The above preview is unformatted text

This student written piece of work is one of many that can be found in our AS and A Level Crime & Deviance section.

Found what you're looking for?

  • Start learning 29% faster today
  • 150,000+ documents available
  • Just £6.99 a month

Not the one? Search for your essay title...
  • Join over 1.2 million students every month
  • Accelerate your learning by 29%
  • Unlimited access from just £6.99 per month

See related essaysSee related essays

Related AS and A Level Crime & Deviance essays

  1. Sociological Theories on Crime and Deviance

    They also show disadvantaged groups have a greater risk of becoming victims, for example unskilled workers are twice as likely to be burgled then other people. Thus understandably disadvantaged groups have a greater fear of crime and have a greater effect on their lives.

  2. Compare and Contrast the Main Sociological Theories of Deviance.

    This will lead to a materialistic capitalist system that may force working people to commit crime as they have a lower income and may not be able to afford to buy things like the rest of the society. Marxists helped to explain the different types of crimes besides the most obvious ones.

  1. Criminal Investigation Procedures

    Please make all responses clear and fluent. 1. Do you understand why we have brought you in for questioning? 2. You are being questioned about the suspected murder of a Mr Sam Pepper which occurred at 270 Leek road. 3.

  2. Describe psychological research on offender profiling and Evaluate psychological research on offender profiling.

    In contrast the American approach is fully coordinated by the FBI and they have set routines, which are followed for every case, meaning that the methods are more generalisable. The third evaluation issue is ecological validity, which means how true to life the findings of a study are.

  1. What are the uses of both qualitative and quantitative research methods for the criminological ...

    Due to the fact that the method is cheap a larger sample can be used which makes it more representative and will help generalisations to be made regarding crime and anti social behaviour in the contemporary society. Quantitative data is more efficient, able to test hypotheses which are a positive factor.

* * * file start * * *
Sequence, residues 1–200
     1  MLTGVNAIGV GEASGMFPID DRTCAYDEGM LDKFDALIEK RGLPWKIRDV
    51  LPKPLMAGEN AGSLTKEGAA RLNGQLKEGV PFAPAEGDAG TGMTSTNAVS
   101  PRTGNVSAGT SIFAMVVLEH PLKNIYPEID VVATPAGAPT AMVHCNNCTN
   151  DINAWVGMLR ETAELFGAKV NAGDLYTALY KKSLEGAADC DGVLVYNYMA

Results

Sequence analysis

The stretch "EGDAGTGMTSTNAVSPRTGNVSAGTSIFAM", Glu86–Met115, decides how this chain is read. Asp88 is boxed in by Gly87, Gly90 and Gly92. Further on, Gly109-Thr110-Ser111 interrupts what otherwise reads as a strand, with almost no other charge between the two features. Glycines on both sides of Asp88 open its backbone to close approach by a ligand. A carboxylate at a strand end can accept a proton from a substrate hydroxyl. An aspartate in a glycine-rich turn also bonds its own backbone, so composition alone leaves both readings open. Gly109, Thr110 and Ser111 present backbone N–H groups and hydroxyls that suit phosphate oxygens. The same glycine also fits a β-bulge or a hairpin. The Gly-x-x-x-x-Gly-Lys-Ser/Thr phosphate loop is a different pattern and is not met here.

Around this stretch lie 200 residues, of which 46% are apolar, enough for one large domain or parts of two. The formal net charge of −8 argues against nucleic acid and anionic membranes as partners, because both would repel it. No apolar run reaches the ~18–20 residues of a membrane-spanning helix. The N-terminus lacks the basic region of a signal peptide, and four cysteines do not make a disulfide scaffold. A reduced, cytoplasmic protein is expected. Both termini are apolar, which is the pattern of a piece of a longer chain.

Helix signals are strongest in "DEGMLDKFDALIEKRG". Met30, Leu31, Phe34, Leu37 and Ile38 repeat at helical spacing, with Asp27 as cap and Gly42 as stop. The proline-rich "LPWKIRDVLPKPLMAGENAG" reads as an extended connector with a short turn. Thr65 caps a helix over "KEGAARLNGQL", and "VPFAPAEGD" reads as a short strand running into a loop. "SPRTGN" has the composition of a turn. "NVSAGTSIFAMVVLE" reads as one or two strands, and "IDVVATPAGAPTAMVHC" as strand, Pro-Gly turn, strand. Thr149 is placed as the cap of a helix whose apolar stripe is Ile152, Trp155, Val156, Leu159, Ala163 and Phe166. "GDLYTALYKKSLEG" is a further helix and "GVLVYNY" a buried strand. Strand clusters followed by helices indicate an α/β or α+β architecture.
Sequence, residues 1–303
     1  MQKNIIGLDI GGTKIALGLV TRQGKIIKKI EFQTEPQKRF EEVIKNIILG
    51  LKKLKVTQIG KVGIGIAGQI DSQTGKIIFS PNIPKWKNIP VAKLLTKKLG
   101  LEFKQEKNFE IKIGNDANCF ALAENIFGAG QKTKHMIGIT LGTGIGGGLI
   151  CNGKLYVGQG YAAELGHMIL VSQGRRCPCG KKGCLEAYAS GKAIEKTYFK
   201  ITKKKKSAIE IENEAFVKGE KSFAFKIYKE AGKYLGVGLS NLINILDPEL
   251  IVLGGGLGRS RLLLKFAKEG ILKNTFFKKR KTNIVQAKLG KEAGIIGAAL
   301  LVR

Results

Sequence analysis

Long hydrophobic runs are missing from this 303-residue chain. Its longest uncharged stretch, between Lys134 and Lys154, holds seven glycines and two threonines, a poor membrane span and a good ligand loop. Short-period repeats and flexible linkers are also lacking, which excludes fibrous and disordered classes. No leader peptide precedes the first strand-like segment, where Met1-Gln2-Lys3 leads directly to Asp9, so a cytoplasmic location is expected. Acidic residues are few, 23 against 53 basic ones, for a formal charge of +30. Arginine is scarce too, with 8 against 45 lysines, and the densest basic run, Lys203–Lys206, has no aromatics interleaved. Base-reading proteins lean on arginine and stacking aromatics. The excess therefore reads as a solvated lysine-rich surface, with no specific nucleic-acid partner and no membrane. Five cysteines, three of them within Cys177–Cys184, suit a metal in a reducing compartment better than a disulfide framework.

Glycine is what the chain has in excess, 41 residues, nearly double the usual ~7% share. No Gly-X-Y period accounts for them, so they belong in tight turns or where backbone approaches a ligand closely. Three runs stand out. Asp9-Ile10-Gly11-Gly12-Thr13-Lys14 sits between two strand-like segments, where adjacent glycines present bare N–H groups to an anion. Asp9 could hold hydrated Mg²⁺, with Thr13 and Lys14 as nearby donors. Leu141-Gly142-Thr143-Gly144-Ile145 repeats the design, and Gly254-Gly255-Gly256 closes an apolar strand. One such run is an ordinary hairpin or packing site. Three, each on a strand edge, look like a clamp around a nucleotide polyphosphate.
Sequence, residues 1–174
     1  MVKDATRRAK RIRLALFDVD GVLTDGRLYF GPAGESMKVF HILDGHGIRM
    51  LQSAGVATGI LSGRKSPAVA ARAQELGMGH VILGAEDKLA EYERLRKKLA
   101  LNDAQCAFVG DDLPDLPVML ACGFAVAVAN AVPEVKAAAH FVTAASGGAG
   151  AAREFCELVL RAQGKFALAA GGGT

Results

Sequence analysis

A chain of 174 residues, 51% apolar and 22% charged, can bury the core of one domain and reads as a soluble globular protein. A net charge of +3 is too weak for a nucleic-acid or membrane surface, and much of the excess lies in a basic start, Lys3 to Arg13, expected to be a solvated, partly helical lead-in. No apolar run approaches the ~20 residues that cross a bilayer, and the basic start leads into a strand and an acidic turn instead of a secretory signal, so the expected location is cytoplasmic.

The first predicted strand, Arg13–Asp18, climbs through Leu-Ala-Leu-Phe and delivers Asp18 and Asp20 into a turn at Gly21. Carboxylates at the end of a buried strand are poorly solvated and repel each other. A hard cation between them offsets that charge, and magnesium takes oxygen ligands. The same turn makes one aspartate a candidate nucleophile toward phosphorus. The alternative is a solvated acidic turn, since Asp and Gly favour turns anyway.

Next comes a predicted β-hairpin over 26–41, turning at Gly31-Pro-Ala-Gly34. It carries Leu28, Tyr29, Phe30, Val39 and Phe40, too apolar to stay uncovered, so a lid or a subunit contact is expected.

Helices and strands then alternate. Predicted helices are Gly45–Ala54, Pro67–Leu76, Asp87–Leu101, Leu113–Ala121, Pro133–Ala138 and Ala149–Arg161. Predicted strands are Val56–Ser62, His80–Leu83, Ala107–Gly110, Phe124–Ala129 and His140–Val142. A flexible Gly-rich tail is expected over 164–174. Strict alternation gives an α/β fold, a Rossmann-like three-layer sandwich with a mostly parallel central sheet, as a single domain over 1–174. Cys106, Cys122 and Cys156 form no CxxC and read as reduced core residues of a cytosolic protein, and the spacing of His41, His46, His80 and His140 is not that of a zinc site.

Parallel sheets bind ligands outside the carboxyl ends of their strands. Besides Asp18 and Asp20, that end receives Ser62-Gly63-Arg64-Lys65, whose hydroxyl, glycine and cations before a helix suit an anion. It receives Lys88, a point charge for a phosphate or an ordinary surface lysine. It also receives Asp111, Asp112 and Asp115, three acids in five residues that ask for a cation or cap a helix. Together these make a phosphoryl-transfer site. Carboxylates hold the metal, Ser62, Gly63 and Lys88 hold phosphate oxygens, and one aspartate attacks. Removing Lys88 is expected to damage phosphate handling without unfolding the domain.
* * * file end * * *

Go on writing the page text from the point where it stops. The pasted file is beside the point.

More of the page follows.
2. subcultural theory

    instead created an alternative set of norms and values in which they can achieve success and status. Cohen argued that the delinquent subculture not only rejects mainstream culture, but also reverses it. For example, a high value is placed on deviant activities such as vandalism and stealing, which is condemned in normal society.

  1. Referring to the John Duffy "Railway Rapist" case to illustrate, discuss the strengths and ...

    Canter (1994) describes his task as picking from the shadows left by the criminals, those consistent patterns in behaviour. What happens during the offence can give clues to the non-offending parts of their lives. There will also be evidence from the interaction between the victim and the offender because we are social beings even in such unusual situations.

  2. anti-social behaviour

    Notably, they are not intended to be criminal penalties, or punishment. These orders are used widely for a variety of anti- social behaviour such as graffiti, prostitution and criminal damage to name but a few. 2.8 Nevertheless, they have come under heavy criticism for a number of reasons.

  • Over 160,000 pieces
    of student written work
  • Annotated by
    experienced teachers
  • Ideas and feedback to
    improve your own work